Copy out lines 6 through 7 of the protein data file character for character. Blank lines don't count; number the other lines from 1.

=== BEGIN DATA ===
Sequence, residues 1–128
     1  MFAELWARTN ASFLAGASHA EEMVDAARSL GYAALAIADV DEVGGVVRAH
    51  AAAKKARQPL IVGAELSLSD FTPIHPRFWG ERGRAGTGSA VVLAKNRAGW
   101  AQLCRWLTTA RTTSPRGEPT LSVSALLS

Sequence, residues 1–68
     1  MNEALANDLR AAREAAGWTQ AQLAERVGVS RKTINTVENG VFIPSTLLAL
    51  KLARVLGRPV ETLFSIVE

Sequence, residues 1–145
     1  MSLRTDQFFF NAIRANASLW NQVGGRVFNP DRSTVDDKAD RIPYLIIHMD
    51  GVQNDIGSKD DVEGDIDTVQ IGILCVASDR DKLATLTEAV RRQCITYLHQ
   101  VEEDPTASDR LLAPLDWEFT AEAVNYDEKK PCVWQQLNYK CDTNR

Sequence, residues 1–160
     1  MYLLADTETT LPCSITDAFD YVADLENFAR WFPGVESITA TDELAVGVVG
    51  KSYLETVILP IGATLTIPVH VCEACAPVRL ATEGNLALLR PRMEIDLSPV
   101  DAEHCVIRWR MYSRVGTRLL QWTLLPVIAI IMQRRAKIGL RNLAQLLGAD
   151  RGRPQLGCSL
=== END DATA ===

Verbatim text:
     1  MNEALANDLR AAREAAGWTQ AQLAERVGVS RKTINTVENG VFIPSTLLAL
    51  KLARVLGRPV ETLFSIVE